© Lloyd Blackburn  2002-2020

Copies of the photographs from this site are not available due to copyright and intellectual property constraints.

Auguste Lumière and Louis Lumière  The Lumière Brothers

The next big landmark in photography came with the introduction of the first commercial use of colour photography known as the Lumière Autochrome thanks to French innovators, Louis and Auguste Lumière. They introduced a patented colour photography process which consists of a glass plate coated on both sides with microscopic grains of dyed potato starch which acted as colour filters. This new type of photography became wildly popular for capturing landscapes as well as for photojournalistic images and are also both credited to be the first filmmakers in history. Maldon Archive illuminates the early history of Maldon. Maldon Archive illuminates the early history of Maldon.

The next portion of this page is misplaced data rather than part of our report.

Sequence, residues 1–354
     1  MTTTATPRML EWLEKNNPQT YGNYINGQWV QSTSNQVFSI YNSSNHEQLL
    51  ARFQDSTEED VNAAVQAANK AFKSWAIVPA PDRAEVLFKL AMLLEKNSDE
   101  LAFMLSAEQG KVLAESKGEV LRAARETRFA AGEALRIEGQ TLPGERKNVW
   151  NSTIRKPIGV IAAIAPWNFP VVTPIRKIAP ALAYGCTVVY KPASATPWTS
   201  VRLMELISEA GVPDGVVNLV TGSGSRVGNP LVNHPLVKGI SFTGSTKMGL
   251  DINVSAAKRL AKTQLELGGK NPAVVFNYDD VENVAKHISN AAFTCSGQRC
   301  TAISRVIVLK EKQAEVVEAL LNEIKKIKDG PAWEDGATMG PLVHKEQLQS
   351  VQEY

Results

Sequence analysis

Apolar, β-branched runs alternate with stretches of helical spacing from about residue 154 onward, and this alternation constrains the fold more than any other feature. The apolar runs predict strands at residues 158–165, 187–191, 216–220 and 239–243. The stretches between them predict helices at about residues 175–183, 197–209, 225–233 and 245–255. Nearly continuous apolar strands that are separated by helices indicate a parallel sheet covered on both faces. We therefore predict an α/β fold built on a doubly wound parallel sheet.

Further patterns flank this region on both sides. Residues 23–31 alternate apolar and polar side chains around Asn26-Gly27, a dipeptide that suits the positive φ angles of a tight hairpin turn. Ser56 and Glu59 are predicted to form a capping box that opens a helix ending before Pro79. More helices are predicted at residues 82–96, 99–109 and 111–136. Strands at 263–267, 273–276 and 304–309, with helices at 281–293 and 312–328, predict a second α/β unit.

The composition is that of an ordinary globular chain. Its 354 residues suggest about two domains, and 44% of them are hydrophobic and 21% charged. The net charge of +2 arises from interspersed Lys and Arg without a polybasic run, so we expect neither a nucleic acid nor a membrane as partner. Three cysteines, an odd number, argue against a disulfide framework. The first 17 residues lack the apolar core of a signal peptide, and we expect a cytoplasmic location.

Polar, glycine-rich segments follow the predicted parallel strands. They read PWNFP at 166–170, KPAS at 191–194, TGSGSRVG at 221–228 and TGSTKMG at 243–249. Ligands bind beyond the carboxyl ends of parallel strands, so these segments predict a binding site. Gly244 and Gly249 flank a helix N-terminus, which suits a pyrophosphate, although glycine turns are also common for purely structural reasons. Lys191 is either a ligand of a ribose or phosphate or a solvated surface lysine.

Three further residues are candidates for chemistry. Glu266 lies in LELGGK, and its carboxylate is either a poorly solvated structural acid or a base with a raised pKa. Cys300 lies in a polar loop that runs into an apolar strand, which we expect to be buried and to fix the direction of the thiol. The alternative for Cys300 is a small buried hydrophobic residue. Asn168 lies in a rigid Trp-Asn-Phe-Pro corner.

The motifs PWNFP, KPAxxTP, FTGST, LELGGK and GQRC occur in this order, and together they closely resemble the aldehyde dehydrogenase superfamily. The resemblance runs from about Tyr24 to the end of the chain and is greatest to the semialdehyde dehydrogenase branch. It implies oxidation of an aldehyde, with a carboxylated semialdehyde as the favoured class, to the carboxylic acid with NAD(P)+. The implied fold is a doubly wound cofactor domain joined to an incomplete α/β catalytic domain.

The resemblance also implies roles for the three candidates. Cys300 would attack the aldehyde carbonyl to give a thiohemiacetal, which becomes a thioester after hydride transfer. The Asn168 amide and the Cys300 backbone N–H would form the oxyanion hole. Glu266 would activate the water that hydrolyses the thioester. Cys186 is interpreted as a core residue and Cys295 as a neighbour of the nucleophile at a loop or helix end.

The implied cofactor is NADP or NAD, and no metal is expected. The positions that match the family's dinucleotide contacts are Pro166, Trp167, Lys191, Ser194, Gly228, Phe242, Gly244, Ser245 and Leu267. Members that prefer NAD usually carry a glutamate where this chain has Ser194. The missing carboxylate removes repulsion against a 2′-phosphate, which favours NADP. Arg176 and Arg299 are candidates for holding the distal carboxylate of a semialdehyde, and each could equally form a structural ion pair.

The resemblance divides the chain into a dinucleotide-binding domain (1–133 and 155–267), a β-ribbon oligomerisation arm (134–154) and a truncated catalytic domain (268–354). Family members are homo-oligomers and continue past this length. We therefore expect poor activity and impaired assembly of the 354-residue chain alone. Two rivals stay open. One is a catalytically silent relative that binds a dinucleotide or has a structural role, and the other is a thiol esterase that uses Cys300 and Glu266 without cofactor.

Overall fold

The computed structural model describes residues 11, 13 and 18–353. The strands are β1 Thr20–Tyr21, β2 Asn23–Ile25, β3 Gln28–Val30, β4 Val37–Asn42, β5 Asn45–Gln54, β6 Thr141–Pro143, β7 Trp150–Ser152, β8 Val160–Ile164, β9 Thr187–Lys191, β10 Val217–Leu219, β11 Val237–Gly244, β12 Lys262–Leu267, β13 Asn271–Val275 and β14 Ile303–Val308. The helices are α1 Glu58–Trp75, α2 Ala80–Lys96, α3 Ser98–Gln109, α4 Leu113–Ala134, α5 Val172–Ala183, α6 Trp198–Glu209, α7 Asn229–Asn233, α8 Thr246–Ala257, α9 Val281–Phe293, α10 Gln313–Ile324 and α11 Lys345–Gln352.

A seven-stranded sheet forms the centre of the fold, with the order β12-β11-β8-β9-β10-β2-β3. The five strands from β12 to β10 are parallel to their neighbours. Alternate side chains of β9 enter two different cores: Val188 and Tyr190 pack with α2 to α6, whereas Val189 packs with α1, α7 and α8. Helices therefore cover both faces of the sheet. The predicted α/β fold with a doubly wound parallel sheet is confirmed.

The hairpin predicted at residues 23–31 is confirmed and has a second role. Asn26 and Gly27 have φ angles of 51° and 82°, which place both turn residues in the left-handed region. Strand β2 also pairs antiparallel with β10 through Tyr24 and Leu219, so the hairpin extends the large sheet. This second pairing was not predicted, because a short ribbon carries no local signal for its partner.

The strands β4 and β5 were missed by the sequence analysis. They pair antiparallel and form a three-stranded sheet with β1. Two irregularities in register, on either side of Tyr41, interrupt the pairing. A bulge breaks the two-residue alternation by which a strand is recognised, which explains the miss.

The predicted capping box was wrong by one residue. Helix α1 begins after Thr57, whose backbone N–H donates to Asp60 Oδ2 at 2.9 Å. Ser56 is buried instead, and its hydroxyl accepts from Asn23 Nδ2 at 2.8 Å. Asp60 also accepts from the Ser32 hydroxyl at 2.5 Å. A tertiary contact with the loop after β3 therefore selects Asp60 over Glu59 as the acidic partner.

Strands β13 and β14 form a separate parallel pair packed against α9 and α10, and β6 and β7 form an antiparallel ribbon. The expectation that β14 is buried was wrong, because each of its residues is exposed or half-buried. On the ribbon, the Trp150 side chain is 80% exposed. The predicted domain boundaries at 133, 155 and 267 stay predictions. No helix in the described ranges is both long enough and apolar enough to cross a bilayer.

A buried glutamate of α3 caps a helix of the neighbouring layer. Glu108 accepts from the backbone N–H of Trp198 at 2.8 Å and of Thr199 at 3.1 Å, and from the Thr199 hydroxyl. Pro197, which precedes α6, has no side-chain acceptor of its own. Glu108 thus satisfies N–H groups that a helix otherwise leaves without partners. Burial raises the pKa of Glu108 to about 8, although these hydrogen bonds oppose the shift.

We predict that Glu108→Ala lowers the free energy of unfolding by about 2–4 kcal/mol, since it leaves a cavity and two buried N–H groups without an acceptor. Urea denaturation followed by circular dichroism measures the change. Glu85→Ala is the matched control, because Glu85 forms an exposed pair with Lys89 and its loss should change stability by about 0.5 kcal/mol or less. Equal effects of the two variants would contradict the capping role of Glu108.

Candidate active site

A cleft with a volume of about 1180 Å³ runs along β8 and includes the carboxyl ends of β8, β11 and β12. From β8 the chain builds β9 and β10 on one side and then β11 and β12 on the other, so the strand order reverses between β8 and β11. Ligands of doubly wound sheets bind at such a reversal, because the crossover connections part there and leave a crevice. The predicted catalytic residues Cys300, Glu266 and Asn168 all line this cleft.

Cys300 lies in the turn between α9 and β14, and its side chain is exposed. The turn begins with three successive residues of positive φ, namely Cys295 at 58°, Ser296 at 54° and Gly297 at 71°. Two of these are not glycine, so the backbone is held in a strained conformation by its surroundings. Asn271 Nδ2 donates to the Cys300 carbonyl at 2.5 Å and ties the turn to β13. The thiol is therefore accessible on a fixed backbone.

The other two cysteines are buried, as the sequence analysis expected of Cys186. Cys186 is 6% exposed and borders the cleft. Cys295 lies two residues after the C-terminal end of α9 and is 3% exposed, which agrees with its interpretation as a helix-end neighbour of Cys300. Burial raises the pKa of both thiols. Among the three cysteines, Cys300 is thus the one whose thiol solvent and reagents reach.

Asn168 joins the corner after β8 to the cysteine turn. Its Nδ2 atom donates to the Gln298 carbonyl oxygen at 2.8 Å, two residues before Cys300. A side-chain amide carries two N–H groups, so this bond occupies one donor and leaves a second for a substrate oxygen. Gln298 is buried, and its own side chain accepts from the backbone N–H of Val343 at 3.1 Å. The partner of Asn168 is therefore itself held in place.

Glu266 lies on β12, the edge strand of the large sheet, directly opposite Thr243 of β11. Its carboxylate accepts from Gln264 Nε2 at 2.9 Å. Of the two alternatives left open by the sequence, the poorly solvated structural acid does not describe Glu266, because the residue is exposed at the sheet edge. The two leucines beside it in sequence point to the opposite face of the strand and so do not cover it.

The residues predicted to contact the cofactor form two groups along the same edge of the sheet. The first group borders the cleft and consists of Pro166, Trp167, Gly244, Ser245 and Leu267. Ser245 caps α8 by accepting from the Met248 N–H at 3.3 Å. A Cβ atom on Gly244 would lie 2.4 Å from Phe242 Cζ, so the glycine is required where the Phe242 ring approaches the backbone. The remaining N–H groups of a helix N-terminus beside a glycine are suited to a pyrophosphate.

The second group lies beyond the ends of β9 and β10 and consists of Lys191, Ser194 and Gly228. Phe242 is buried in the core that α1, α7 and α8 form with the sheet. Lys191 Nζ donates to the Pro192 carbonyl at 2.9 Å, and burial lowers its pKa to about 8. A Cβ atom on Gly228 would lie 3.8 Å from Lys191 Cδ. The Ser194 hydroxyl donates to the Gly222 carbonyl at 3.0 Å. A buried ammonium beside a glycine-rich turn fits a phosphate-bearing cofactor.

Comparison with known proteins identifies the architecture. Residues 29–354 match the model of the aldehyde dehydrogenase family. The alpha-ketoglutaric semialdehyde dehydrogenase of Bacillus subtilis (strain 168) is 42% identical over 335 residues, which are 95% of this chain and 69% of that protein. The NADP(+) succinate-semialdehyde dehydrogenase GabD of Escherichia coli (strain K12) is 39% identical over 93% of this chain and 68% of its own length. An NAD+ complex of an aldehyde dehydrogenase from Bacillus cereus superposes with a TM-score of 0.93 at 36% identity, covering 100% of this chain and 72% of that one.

The Lumière brothers were born in Besançon, France, to Charles-Antoine Lumière (1840–1913) and Jeanne Joséphine Costille Lumière, who were married in 1861 and moved to Besançon, setting up a small photographic portrait studio where Auguste and Louis were born. They moved to Lyon in 1870, where son Edouard and three daughters were born. Auguste and Louis both attended La Martiniere, the largest technical school in Lyon. Their father Charles-Antoine set up a small factory producing photographic plates, but even with Louis and a young sister working from 5 a.m. to 11 p.m. it teetered on the verge of bankruptcy, and by 1882 it looked as if they would fail, but when Auguste returned from military service the boys designed the machines necessary to automate their father's plate production and devised a very successful new photo plate, 'etiquettes bleue', and by 1884 the factory employed a dozen workers.

 Maldon Archive

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